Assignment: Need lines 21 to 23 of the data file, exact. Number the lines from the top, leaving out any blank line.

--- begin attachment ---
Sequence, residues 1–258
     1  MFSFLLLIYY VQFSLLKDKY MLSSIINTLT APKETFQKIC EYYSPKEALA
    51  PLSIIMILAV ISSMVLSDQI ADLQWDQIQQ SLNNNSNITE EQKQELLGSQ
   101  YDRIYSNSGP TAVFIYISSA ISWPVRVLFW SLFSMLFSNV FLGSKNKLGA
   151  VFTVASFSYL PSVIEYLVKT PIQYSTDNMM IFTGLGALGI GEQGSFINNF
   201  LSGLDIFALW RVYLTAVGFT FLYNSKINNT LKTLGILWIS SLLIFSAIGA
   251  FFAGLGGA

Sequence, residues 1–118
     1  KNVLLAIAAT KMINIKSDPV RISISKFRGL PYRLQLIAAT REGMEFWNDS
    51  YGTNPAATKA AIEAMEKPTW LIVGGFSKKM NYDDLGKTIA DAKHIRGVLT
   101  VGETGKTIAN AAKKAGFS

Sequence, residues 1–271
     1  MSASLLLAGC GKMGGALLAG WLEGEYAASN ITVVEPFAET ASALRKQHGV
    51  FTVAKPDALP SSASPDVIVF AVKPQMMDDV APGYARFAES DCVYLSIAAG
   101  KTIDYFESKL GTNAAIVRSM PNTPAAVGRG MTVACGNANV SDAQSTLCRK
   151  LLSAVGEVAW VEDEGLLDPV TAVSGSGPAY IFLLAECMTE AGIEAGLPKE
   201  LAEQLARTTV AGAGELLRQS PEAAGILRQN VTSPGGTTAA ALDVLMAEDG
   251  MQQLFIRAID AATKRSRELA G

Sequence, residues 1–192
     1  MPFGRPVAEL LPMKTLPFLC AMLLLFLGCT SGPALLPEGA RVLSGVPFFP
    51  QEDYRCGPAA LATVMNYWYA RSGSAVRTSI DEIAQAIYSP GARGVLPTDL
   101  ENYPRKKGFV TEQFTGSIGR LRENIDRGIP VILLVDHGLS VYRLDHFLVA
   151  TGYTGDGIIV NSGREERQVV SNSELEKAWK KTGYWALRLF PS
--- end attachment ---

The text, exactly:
    51  QEDYRCGPAA LATVMNYWYA RSGSAVRTSI DEIAQAIYSP GARGVLPTDL
   101  ENYPRKKGFV TEQFTGSIGR LRENIDRGIP VILLVDHGLS VYRLDHFLVA
   151  TGYTGDGIIV NSGREERQVV SNSELEKAWK KTGYWALRLF PS